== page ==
Scientists awarded Nobel prize for nearing 'dream'

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The Independent Online

Three American scientists have won the 2004 Nobel Prize in physics for demonstrating the mysterious nuclear force that binds subatomic particles - and explains everything from a spinning coin on a table top to the birth of the universe.

Three American scientists have won the 2004 Nobel Prize in physics for demonstrating the mysterious nuclear force that binds subatomic particles - and explains everything from a spinning coin on a table top to the birth of the universe.

The Royal Swedish Academy of Sciences said their work had brought physics one step closer to fulfilling a grand dream - to formulate a unified theory comprising gravity as well as a "theory of everything". David Gross, David Politzer and Frank Wilczek found that the attraction between quarks - basic building blocks of nature - was strong when they were far apart and weak when close together.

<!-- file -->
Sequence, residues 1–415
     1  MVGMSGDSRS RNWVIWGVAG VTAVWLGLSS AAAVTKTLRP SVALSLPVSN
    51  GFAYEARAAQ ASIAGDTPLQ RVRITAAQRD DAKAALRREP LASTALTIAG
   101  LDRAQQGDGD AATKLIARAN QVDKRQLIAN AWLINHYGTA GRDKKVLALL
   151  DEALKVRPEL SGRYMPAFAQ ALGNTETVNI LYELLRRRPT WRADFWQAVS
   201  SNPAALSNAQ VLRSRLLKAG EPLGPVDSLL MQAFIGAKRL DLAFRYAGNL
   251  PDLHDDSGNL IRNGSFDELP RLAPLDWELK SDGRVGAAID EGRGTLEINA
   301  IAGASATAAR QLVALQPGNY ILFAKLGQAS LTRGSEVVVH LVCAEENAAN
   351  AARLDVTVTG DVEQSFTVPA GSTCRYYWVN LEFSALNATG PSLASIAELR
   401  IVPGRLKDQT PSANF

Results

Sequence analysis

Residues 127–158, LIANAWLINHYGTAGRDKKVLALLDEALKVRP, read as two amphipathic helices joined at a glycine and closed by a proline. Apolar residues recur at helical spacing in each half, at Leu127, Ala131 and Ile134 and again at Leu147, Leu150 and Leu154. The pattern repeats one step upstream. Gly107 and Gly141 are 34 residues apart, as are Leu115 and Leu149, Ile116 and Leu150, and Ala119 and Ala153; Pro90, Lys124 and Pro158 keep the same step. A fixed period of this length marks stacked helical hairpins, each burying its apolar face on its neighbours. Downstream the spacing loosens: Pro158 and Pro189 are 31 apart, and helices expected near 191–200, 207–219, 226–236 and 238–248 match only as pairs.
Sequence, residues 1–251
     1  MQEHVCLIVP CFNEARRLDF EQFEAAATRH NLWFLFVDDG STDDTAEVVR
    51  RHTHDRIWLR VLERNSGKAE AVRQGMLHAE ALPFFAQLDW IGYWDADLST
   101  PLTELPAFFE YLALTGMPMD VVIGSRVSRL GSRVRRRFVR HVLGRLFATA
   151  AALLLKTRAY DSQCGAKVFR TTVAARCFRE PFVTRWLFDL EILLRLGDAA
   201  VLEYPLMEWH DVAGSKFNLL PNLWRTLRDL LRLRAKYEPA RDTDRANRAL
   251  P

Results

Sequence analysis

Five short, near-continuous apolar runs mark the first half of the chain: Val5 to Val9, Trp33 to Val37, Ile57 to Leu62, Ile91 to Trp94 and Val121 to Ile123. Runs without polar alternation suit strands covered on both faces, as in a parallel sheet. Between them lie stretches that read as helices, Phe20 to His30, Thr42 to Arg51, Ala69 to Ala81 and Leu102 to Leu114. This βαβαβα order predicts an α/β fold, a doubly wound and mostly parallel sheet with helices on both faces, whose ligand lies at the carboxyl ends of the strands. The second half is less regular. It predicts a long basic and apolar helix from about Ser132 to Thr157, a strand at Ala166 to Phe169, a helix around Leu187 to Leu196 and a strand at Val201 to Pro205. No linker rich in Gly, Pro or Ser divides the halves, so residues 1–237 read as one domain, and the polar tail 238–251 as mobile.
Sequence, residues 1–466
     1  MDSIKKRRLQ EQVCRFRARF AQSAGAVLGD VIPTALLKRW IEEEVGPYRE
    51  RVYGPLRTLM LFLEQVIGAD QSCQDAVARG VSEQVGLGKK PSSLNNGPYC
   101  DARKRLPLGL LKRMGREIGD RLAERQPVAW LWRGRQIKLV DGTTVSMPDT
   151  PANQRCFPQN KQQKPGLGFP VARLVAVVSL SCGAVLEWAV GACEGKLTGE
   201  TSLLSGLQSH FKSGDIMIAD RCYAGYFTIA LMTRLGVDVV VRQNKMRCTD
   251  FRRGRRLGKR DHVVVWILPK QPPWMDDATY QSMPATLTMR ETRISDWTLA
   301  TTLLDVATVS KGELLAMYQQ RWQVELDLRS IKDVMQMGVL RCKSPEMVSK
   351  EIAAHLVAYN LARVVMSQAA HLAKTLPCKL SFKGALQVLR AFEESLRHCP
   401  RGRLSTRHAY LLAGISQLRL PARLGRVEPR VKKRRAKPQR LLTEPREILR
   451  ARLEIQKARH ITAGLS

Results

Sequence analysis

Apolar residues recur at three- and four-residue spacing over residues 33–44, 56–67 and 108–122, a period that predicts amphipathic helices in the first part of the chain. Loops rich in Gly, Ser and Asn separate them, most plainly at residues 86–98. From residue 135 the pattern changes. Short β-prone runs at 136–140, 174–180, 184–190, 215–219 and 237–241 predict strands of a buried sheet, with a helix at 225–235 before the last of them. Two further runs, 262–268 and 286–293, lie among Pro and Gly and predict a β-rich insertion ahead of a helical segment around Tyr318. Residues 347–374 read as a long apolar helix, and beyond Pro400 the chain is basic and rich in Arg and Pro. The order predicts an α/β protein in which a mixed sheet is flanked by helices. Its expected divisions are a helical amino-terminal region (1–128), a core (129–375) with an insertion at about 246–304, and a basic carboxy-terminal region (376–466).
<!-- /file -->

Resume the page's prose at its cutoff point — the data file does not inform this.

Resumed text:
Dr Gross is from the University of California at Santa Barbara, Dr Politzer is at the California Institute of Technology in Pasadena and Dr Wilczek holds a position at the Massachusetts Institute of Technology in Cambridge. Explaining and understanding the inside of an atomic nucleus can help to explain everything from how a coin spins on a table top to the nature of the stars and galaxies, the Nobel citation said. The three scientists made important breakthroughs in understanding the strong force known as the "colour charge" that dominates the forces within the atomic nucleus.

A grand unified theory of life and the universe has eluded scientists who cannot yet understand the behaviour of subatomic particles.

The three researchers share the £1m prize. "I have no idea what to do with the money, my wife has some ideas," said Dr Gross. "We don't have champagne on ice but it is probably a good idea."

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